Tribute for City of Southfield’s first African American Councilwoman Barbara Talley planned for June 26
The city of Southfield will host a special tribute for the City’s first African American Councilwoman Barbara Talley on Monday, June 26 from 4 to 5:30 p.m. in the Southfield Pavilion, 26000 Evergreen Road. The City will also permanently name the circle drive in front of City Hall ‘Barbara Talley Way’ as part of the recognition.
The Dr. Martin Luther King, Jr. Task Force, Inc. in collaboration with the city of Southfield, Delta Sigma Theta Sorority, Inc.- Southfield Alumnae Chapter, Hope United Methodist Church, Southfield Historical Society and Alpha Kappa Alpha Sorority, Inc.®-Pi Tau Omega Chapter of Southfield will recognize former Councilwoman Talley for her many years of community and civil rights activism, volunteer work, and many other notable accomplishments and contributions to the City. She is fondly called the “Mother of Civil Rights in Southfield.”
Mrs. Talley was the first African American elected to the Southfield City Council, serving from 1983 until 1989. During her tenure on City Council, she initiated an affirmative action plan hiring minority police, fire, management personnel, and elevating women in city government. She founded the Southfield Dr. Martin Luther King, Jr. Task Force in 1985 along with other charter members to promote peace, brotherhood, and non-violence. The MLK Task Force has hosted the annual MLK Peace Walk since its inception, celebrating the 38th annual event last January which continues to be the largest in the state of Michigan.
“This Tribute to Mrs. Talley is well deserved for her continuous dedication to helping and improving the community,” commented Southfield Mayor Dr. Kenson Siver. “Our paths have crossed often over the years as we worked together on several projects, from being a co-founder and charter member of the Dr. Martin Luther King, Jr. Task Force to working on a publication in honor of its 30 years of existence. She have always been a positive force in Southfield.”
She is the author of a book entitled "Pathways to Interfaith Dialogue: An Innovative Model for Peace and Community Building. She was the Executive Director of Detroit Renaissance District Peace Center at Hope United Methodist Church. She was instrumental in the erection of the Peace Poles in the city of Southfield and holding remembrances about peace on earth. She was also the project director of a traveling exhibit called “Pathways to Freedom in the Americas: Shared Experiences between Michigan, USA and Guerrero, Mexico.” The Exhibit debuted at the Charles H. Wright Museum of African American History and was on display for three months for the community to view. Mrs. Talley directed the activities between the Museum, Wayne State University professors and Mexican citizens to make the exhibit a reality. The exhibit is currently on loan to the World Beat Museum in San Francisco, California and has travelled to Mexico, as well as staged at Lear Corporation, Chrysler Corporation, Eaton Corporation, Southfield Public Library, and Marygrove College in Michigan.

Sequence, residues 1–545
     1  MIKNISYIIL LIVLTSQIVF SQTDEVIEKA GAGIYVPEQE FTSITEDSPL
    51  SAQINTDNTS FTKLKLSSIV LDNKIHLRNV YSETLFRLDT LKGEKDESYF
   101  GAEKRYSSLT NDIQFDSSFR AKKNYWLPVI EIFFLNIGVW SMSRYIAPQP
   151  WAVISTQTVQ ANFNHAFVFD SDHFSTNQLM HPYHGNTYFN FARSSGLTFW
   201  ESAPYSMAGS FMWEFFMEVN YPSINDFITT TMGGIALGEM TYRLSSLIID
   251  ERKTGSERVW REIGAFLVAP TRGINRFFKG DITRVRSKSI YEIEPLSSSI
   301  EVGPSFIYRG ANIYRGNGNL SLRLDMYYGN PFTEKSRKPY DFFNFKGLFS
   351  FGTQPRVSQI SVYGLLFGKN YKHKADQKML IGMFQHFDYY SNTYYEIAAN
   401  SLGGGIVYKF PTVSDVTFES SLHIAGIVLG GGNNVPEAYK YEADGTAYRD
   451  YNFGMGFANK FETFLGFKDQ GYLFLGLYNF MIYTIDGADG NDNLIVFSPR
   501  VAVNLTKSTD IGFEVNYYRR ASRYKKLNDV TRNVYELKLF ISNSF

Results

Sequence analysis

“I have always found Mrs. Talley to be a very professional woman with a sense of how things should be done for the common good of society and our community,” commented Councilman Daniel Brightwell. “She is often the voice of reason in a sea of chaos that sometimes erupt in large organization. That voice of reason has been respected in many settings because of the “fairness” that Barbara has always shown. Listeners know Barbara is speaking from the heart.”
Mrs. Talley was instrumental in securing funds and commissioning James Spearman to create the bust of Dr. Martin Luther King, Jr. that is in the Southfield Public Library lobby. Mrs. Talley earned her bachelor’s of science degree (B.S.) from Wayne State University and Master’s in Public Administration (M.P.A.) from Central Michigan University. She retired from Oakland County Government as a senior financial analyst. She is a member of several civic organizations: Delta Sigma Theta Sorority - Southfield Alumnae Chapter, Southfield Historical Society, National Congress of Black Women, and Hope United Methodist Church. Mrs. Talley has received many awards including the National Association of Negro Business and Professional Women’s Clubs, Inc., Drum Major for Justice Award for the Beloved Community from the United Methodist Church, and Distinguished Warrior from Urban League of Detroit & Southeastern Michigan. She remains active with the Task Force, Hope Church, and the sorority. She is also an active member of the National Congress of Black Women and Southfield Historical Society.
“Barbara has been instrumental in the advancement of human and civil rights and provides an example to us all why community is so important,” according to Faira Glenn, current president of the MLK Task Force. “We are proud to lead the tribute to her,” she added.
The Dr. Martin Luther King, Jr. Task Force, Inc. is an all-volunteer, grassroots civic organization. Its mission and purpose is to celebrate the life and works of Dr. Martin Luther King, Jr. and to accept the challenges of making the promise of America as a land of freedom, equality, opportunity, and brotherhood.
Southfield was the first city in the state of Michigan to hold a Dr. King peace walk or march. The first Dr. Martin Luther King, Jr. Peace Walk took place on January 20, 1986, commemorating Dr. King’s birthday. The walk continues to grow in size and scope each year, with year-long educational and community outreach activities.
The event is free and open to the public. For more information, call Dorothy Dean, Tribute Co-Chair, at (248) 790-0531 or MLKtribute23@gmail.com.